Senate Judicial Proceedings Chairman Brian E. Frosh (D., Montgomery) immediately claimed that the chairman violated state law. It was a position which Senator Frosh and Maryland Democratic Party leaders never changed. As late as last May, The Gazette reported, Chairman Schisler "spent three hours Thursday defending his firing of five top PSC employees to the legislative committee investigating the Ehrlich administration's personnel practices."
Back in April 2004, The Gazette wrote that Senate President Thomas V. (Mike) Miller, Jr., of Chesapeake Beach, "blasted the way Schisler fired the employees."
"These honest, hardworking state employees were reduced to the level of Russian serfs serving at the will of a dictator," Miller said. The Gazette added that Senator Miller was upset "because they were handed their pink slips and escorted from the building by armed guards."
"What was done reeks of right-wing Capitol Hill politics carried out by the people who ran Bob Ehrlich's congressional office and his campaign," Miller said. "It was heavy-handed. It smacks of Watergate and Archibald Cox."
The Senate president expressed his frustration with Mr. Schisler, whom he called a "young waterman from the Eastern Shore who I watched grow up in the House of Delegates, go to law school and graduate. Firing five people with a great deal of institutional memory on some of the most complex issues in state government is absolutely wrong," he said. "It's wrong for the taxpayers. It's wrong for the consuming public."
The die was cast. Fast-forwarding to 2006, once Mr. Schisler was labeled as the villain, the next thing to do was facilitate a mob-mentality and get his bald-headed face on as many news stories as possible. After all, doesn't he look like a classic villain out of a James Bond movie? The only thing missing was a picture of him petting a black cat.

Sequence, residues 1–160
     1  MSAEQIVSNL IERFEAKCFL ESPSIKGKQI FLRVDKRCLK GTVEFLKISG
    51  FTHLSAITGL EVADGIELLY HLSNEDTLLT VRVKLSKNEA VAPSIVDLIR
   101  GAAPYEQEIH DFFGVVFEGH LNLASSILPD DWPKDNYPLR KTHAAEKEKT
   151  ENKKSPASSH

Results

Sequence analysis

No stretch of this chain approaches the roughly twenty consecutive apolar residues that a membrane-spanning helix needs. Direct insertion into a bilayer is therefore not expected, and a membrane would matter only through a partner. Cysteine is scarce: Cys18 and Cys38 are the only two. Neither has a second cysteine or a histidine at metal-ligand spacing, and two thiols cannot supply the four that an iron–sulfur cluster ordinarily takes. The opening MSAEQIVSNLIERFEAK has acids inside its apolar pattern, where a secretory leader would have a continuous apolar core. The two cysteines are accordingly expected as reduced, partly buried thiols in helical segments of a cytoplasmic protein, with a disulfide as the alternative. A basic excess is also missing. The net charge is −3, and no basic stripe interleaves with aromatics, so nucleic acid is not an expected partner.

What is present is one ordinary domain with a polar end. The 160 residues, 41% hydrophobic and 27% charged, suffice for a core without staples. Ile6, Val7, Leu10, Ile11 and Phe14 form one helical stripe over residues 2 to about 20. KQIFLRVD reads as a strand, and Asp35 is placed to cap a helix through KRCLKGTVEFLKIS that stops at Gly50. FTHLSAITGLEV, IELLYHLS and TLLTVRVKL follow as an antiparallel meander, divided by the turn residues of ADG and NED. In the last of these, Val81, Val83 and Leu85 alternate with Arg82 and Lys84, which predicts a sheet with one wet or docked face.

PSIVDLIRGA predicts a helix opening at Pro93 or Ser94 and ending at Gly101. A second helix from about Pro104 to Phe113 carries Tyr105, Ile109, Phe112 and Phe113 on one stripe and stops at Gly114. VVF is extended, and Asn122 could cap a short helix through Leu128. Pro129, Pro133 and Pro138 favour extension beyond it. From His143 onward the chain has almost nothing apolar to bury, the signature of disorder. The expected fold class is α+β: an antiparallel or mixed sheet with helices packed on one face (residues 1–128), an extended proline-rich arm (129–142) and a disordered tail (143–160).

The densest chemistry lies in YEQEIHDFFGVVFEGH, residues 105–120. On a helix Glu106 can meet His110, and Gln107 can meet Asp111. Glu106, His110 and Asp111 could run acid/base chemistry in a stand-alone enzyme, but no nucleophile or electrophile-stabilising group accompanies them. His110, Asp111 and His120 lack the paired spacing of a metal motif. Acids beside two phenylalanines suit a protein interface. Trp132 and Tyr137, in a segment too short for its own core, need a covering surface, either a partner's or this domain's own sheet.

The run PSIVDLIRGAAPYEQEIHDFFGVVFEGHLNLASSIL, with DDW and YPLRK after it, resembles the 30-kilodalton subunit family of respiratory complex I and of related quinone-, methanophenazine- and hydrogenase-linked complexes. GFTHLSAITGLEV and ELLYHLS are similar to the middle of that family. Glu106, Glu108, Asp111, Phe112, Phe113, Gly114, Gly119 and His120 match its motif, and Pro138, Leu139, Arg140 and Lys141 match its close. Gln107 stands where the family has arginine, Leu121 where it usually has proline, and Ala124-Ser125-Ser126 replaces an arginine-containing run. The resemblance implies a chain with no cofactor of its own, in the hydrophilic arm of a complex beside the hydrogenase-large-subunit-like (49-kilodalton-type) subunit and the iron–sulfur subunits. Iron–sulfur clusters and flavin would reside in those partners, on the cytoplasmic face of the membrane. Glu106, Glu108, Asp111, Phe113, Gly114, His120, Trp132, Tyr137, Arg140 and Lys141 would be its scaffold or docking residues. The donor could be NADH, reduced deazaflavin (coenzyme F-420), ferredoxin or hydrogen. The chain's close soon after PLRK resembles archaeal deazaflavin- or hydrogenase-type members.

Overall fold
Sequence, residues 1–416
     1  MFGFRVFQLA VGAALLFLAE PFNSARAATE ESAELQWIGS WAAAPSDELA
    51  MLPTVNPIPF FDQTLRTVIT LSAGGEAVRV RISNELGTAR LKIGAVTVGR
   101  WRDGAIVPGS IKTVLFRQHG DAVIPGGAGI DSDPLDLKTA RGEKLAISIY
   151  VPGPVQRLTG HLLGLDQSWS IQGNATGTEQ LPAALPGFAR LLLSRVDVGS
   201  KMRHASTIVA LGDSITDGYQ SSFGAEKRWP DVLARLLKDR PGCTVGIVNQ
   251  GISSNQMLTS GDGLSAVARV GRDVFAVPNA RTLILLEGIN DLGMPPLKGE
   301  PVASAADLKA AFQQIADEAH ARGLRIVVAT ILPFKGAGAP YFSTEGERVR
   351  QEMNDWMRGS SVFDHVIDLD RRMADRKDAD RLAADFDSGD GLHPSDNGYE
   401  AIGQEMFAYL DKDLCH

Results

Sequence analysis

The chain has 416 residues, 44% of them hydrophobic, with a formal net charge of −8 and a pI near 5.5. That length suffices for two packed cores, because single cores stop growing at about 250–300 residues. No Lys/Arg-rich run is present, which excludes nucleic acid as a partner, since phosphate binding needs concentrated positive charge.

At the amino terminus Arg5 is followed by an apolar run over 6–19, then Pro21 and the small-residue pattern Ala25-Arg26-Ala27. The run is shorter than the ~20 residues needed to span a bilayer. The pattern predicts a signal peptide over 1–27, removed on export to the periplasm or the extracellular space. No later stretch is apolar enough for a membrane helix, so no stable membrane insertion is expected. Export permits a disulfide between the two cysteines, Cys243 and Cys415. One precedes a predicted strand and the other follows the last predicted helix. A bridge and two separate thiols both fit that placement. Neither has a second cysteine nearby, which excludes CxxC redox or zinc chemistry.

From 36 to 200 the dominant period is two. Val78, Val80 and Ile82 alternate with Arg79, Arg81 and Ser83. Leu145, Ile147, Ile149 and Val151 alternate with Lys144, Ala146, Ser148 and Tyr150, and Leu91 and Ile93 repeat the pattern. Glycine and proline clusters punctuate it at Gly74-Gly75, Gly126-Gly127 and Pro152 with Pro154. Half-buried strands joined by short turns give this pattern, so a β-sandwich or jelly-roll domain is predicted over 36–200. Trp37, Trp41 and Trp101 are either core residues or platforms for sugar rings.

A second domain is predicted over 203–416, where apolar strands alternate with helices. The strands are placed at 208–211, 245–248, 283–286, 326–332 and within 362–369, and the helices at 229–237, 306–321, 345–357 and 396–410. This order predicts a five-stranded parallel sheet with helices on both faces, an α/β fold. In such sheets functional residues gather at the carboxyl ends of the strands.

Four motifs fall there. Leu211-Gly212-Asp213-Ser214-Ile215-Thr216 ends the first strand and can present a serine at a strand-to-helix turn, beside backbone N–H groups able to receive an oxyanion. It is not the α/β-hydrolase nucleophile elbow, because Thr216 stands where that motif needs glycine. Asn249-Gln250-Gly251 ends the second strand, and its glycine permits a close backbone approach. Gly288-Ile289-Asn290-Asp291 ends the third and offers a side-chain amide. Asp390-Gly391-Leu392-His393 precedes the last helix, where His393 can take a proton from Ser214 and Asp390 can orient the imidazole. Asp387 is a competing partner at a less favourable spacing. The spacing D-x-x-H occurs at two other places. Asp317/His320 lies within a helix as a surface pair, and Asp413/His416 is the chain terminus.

What followed will be a classic moment in Maryland history that should be studied for eons. A full court press was begun in order to fabricate that it was all Chairman Schisler's fault.
The response last year to the unpredicted escalation in the cost of electricity had nothing to do with what was in the best interests of the citizens of Maryland and everything to do with electing a Democrat governor in the State of Maryland.
It worked. Never mind that it was a complete synthetic fabrication. It worked.
To put a cap on this Kabuki morality play, Governor O'Malley's spokesman, Rick Abbruzzese, greeted Mr. Schisler's resignation by pouring salt in the wound and further promoting the prevarications by announcing:
''We are thankful that Mr. Schisler stepped aside, allowing the Public Service Commission to move forward. Now, the work of rebuilding Maryland's regulatory framework begins in earnest. There is no time to waste getting professional regulators back on the job - to protect consumers and restore stability for businesses."
On other words, with Ken Schisler gone, everything is now right with the world.
Well, hardly. Many who understand the 1999 electric deregulation legislation, economics and market forces are dumbstruck. What will they do next? Regulate the cost of oil in Saudi Arabia?
Kevin Dayhoff writes from Westminster: E-mail him at: firstname.lastname@example.org